Councillors agree to appoint Municipal Prosecutor
Brighton Council will be appointing a municipal prosecutor, to handle any signifiant bylaw related issues.
By a 5-2 recorded vote, council agreed to appoint Cheryl Thrasher to the position, which has been vacant in Brighton since the province downloaded the responsibility some years ago.
Chief Administrative Officer Bill Watson tells Quinte News, it’s good to have a municipal prosecutor at the ready, even though they may not be used very often.
And he adds, it takes a lot of pressure off the town’s bylaw officer.
If and when Thrasher’s services are needed, she’ll be paid $50 per hour for work time and $150 per hour for in court time.
Councillors Martinello and McMurray had voted against the motion, with the feeling that the position was redundant.
Watson says Thrasher currently does the same job for a number of other towns within Northumberland County as well.
Class Environmental Assessment begins on wastewater treatment facility
A Kingston-based company is starting a Class Environmental Assessment on Brighton’s wastewater treatment system.
CAO Bill Watson tells Quinte News, J.L. Richards and Associates will conduct the study, which is an open look at the entire system.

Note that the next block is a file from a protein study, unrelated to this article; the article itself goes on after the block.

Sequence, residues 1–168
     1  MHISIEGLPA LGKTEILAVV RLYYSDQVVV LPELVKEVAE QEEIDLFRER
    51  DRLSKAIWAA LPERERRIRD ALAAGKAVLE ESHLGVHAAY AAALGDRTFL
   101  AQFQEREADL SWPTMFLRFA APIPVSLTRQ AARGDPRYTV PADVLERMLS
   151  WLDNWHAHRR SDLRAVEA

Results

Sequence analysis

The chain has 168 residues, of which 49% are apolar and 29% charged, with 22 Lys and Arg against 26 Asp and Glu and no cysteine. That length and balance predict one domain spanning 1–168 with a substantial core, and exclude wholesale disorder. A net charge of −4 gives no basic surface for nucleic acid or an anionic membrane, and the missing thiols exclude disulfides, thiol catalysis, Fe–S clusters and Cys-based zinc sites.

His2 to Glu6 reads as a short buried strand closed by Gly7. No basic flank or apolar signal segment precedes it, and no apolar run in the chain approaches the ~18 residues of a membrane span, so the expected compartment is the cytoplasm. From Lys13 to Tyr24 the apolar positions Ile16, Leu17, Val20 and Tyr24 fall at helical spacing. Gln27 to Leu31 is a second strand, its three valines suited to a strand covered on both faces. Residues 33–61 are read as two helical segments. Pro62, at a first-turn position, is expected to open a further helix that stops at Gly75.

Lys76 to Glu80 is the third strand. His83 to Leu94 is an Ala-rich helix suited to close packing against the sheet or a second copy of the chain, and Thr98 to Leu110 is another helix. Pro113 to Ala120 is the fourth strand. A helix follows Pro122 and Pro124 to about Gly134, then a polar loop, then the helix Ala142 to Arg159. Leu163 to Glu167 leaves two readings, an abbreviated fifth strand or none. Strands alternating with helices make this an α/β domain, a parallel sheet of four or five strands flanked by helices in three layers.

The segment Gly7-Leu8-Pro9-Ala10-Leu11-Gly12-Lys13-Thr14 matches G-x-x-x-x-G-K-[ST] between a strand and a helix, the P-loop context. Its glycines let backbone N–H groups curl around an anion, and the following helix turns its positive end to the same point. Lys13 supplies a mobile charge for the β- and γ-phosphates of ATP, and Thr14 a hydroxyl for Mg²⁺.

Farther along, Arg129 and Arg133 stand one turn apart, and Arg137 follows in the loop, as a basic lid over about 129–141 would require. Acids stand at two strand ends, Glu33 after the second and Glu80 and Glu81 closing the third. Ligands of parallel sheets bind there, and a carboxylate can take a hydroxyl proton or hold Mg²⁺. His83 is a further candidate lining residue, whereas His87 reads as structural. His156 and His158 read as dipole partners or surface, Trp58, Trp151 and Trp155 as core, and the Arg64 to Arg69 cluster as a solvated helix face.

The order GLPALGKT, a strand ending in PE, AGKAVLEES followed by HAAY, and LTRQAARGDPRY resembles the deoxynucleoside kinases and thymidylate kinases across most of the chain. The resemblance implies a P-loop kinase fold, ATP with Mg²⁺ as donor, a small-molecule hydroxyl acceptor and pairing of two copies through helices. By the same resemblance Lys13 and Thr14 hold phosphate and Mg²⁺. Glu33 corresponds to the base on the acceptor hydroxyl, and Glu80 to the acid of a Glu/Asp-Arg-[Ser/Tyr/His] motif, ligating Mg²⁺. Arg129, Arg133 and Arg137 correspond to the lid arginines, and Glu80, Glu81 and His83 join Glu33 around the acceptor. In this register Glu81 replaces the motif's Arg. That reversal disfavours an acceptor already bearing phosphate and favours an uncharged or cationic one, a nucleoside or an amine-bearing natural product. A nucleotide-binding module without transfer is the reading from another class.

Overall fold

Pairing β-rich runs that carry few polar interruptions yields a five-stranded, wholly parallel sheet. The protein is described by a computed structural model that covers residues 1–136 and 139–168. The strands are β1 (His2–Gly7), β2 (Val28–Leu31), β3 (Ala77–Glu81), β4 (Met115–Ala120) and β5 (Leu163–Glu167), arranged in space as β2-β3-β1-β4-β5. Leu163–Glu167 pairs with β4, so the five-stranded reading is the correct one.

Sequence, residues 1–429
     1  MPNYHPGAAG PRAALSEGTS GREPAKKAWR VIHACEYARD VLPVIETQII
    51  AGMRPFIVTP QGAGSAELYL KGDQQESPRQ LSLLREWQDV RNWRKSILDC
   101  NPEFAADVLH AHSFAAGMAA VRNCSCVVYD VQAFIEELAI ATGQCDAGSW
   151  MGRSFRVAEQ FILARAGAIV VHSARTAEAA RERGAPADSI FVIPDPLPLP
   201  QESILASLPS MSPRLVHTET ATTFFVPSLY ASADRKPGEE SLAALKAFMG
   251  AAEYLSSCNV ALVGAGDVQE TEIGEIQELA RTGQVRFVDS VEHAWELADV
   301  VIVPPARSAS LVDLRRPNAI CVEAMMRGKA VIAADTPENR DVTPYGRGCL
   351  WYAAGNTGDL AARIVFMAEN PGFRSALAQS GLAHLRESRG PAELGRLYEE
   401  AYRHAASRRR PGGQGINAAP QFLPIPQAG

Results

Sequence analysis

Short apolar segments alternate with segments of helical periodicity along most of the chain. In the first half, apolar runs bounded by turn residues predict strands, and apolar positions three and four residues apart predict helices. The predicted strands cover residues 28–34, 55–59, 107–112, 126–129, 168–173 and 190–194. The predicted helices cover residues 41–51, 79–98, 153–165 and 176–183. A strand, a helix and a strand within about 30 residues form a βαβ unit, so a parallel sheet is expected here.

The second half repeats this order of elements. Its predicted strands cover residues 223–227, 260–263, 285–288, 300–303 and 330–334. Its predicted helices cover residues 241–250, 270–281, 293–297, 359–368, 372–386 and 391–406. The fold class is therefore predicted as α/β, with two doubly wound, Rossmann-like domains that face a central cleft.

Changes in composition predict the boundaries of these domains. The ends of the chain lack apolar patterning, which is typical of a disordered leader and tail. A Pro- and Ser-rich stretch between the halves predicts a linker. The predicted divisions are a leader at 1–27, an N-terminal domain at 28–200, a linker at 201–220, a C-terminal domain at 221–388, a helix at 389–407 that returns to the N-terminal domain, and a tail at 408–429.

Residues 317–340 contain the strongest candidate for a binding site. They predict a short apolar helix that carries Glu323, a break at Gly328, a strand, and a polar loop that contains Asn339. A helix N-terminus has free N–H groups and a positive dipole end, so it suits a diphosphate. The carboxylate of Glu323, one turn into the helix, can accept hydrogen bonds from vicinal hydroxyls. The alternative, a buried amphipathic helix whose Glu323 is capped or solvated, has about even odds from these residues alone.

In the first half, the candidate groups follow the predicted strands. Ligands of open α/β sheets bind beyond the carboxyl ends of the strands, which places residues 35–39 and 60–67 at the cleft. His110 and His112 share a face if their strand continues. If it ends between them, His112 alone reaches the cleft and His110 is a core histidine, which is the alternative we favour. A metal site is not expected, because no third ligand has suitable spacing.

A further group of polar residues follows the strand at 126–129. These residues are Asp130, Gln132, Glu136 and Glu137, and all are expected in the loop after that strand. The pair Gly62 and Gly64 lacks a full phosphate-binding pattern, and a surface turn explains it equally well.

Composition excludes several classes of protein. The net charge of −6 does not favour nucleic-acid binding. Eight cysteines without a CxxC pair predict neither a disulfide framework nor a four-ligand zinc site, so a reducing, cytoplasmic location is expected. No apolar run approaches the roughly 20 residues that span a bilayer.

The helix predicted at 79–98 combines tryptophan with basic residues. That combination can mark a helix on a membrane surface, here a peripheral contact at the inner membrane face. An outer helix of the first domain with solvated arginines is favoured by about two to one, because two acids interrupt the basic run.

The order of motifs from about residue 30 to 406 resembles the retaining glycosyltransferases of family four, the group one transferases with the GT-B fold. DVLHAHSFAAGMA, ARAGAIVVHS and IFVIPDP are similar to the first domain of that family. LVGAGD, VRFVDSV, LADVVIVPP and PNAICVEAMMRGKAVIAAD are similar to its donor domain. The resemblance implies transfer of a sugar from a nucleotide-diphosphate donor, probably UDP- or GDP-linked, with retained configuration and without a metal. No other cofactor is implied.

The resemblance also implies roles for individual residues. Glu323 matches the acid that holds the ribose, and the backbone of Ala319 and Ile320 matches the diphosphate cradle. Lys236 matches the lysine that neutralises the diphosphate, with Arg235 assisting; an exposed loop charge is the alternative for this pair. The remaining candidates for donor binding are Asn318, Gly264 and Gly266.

Watson says public consultation will be a large part of the process and there are a number of ways residents can get involved.
You can contact lead engineer Steve Saxton by emailing email@example.com, or by calling 613-544-1424.
Date set for MOE to discuss Cooey Metals Property
A date has been set for Ministry of Environment officials to visit Brighton and discuss the contaminated Cooey Metals property.
CAO Bill Watson says reps from the ministry will be in town on November 15th and will take questions from any resident of Brighton who is concerned about the Prince Edward Street property.
Watson also says a separate meeting with a local business and the MOE, also on the Cooey issue, was held recently and went really well.
Speed limit changes coming to Bayshore Road
Brighton Council is listening to the advice of OPP and recommendations of residents and lowering the speed limit on Bayshore Road.
Staff have fielded numerous calls and complaints from concerned residents and have recommended the limit be dropped from 50 km/h down to 40 km/h, from just east of Lilac Lane to the end of Bayshore.
OPP told staff they agree with the decision, but feel it’s not necessary to declare the area a “community safety zone”, which would see increased fines.
Stop sign being added on Applewood Drive
Frequent drivers on Applewood Drive in Brighton should expect a new stop sign soon.
On Monday night council agreed to have staff write up a bylaw, to add the sign on the northwest corner of the intersection of Applewood and Loyalist Drive.
The sign is being added after a gate to the industrial park was removed, allowing for better access.
The addition of the sign will give the right of way to vehicles entering the industrial park.
It won’t cost more than $1,000 to install the needed signage, but there’s no exact date on when the change will come into effect.